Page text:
Advocacy / Fast Food / Junk Food / Marketing / Soda

Make 2015 the Year We End Junk Food Marketing to Kids

change2015   We’re winding down the last days of 2014 and looking ahead to a fresh new year.  Dr. Alan Greene invited me to contribute a guest post in the series “One Thing I’d Change in 2015.”  Here’s what I chose, why I chose it, and how you can help make it happen:

The one change I’d like to see take place in 2015 is an end to the marketing of junk food to kids.  Most people would agree that products which are engineered to be addictive shouldn’t be marketed to children.  This is why we no longer put up with Joe Camel trying to convince children that smoking is cool.  It’s now time to rethink the Coca-Cola polar bear telling them that soda is happiness or letting Ronald McDonald use schools as ads.

Lessons from the Tobacco Fight

Current youth smoking rates would be much higher if advocates had relied on asking for more marketing of healthy choices instead of calling for an end to the marketing of cigarettes to children.  Today’s advocates face a similar choice between focusing our efforts on more marketing of healthy choices or calling for an end to junk food marketing to children.  Future rates of diet-related disease will depend on us getting this right and not just settling for the path of least resistance.

Speaking Out

Fortunately, more organizations are recognizing the role junk food marketing to kids is playing in the rise of diet-related chronic diseases and are asking for meaningful change.  At the American Public Health Association’s 2014 Annual Meeting, the American Heart Association (AHA) made this statement:

The AHA sees no ethical, political, scientific, or social justification for marketing low-nutrient, high calorie foods to kids.

Restrictions on marketing to children was one of the government regulatory approaches recommended by international health experts in a recent letter to the World Health Organization.  The issue of junk food marketing to children was also included as a critical component of Mark Bittman, Michael Pollan, Ricardo Salvador and Olivier De Schutter’s call for a national food policy.  A new report from the Rudd Center for Food Policy and Obesity recommends beverage companies stop marketing sugary drinks and energy drinks to children and teens:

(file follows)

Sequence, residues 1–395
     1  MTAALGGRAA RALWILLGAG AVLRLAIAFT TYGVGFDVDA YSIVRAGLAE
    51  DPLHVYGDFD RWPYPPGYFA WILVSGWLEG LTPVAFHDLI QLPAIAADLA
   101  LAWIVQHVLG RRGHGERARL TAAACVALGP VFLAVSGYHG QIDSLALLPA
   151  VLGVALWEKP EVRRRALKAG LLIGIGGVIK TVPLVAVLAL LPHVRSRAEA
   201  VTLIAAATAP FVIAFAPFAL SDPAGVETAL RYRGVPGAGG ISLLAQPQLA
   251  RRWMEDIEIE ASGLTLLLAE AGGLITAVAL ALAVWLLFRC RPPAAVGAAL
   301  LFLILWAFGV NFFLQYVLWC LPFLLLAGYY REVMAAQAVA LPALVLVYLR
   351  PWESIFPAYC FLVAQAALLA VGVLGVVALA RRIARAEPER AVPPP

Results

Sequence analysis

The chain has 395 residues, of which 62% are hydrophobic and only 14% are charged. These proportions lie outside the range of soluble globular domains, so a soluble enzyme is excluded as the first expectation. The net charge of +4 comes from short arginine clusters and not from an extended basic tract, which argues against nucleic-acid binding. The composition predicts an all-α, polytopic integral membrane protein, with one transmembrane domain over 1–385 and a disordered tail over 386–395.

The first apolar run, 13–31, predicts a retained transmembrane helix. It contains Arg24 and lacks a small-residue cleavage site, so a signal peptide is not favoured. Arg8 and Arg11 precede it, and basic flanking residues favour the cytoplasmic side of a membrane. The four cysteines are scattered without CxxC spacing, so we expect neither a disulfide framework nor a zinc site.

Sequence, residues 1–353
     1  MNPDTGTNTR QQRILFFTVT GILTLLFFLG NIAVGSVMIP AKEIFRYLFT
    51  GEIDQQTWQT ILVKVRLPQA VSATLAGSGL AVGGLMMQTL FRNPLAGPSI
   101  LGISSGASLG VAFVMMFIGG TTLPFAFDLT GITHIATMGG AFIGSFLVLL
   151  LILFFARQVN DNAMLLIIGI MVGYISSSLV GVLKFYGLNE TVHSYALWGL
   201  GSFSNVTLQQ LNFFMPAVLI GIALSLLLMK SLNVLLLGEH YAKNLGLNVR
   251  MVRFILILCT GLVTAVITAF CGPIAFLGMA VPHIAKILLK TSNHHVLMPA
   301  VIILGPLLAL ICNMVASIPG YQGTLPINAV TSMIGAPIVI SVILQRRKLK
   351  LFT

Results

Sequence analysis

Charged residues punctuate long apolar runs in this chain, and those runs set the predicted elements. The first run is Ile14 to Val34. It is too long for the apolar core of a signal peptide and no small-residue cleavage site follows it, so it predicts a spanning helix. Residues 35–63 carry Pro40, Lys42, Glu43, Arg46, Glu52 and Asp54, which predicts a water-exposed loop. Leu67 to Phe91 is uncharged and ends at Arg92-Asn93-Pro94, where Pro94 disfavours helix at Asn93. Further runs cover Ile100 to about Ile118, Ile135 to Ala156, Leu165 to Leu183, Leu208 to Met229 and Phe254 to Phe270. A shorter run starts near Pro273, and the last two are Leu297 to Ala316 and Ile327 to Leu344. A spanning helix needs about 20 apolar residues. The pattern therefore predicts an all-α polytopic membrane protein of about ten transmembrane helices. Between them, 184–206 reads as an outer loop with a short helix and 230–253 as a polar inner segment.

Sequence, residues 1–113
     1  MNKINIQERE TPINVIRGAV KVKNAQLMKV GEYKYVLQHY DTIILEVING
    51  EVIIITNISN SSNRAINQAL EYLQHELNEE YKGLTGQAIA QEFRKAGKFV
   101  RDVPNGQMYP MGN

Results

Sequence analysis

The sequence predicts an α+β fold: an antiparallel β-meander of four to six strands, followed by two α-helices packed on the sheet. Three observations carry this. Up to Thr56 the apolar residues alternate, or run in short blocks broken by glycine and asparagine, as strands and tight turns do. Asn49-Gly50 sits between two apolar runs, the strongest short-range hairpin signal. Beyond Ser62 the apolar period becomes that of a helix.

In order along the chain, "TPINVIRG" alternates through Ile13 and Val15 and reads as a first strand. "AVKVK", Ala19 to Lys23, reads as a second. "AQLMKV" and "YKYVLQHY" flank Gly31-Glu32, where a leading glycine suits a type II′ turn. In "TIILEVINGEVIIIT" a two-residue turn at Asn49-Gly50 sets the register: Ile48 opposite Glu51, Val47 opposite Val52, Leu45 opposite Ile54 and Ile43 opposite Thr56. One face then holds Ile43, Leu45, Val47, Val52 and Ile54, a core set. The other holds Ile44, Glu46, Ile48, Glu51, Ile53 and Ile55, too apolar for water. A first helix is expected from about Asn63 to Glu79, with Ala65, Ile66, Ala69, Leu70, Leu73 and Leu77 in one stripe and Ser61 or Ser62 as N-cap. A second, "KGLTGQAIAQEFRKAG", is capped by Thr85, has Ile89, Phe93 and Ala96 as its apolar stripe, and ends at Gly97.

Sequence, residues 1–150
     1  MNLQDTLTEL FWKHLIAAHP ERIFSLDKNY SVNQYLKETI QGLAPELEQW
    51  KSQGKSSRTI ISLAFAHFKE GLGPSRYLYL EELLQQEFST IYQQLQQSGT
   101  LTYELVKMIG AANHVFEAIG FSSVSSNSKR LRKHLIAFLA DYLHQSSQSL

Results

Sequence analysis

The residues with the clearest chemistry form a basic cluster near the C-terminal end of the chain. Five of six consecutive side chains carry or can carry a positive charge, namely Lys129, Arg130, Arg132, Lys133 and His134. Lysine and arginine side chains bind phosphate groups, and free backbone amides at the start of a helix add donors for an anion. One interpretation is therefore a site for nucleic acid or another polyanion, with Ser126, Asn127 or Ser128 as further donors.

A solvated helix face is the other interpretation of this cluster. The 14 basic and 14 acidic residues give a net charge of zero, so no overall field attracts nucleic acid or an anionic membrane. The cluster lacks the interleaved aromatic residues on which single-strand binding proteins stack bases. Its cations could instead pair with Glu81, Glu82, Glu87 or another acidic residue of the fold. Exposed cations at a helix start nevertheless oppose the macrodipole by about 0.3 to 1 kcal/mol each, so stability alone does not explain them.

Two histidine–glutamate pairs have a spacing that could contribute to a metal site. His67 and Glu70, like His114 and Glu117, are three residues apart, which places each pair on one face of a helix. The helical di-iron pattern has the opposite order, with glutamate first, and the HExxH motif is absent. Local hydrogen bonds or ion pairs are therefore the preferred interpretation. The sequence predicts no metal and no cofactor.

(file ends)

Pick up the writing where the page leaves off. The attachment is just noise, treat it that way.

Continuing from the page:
They cannot market unhealthy products directly to children and teens and then put the onus on consumers (especially more vulnerable youth) to select the healthier options

Enough is Enough

I saw this play out in my own home the other night with a Santa Claus Coca-Cola commercial on the Charlie Brown Christmas Special my kids were watching.  It’s just another example of how they say they don’t market to children but do otherwise.  When the McDonald’s CEO says, We don’t put Ronald out in schools” it doesn’t take much searching to see this is patently false.  As author Michael Prager put it, “Why are we allowing marketers to spend $15 billion a year screwing with kids’ minds?”  The backlash against junk food companies marketing to children is long overdue and may 2015 be the year we say enough is enough.

Want to help bring an end to junk food marketing to kids? 

Here are ways to help:

Urge Congress to End Taxpayer Subsidies for Junk Food Marketing to Children

Sign and share the letter telling McDonald’s CEO to stop putting Ronald McDonald into schools

Tell Companies Back to School is No Excuse to Hawk Junk Food

Tell Sanrio, Please Stop Licensing Hello Kitty Character for Unhealthy Snacks

Tell Topps & DreamWorks: Stop marketing unhealthy foods to kids 

Urge Nickelodeon to follow Disney’s lead and stop advertising junk food to children

Tell Girl Scouts USA and Nestle to stop marketing sugary drinks to children

Tell CFO Peter Bensen: End McDonald’s predatory marketing and retire Ronald McDonald.

Tell the USDA schools should be commercial free

Shut Down HappyMeal.com

Watch “We’re Not Buying It” and boycott companies that market junk food to children

Please share other ways to take action in the comments section below.

Leave a Reply

Fill in your details below or click an icon to log in:

WordPress.com Logo

You are commenting using your WordPress.com account. Log Out / Change )

Twitter picture

You are commenting using your Twitter account. Log Out / Change )

Facebook photo

You are commenting using your Facebook account. Log Out / Change )

Google+ photo

You are commenting using your Google+ account. Log Out / Change )

Connecting to %s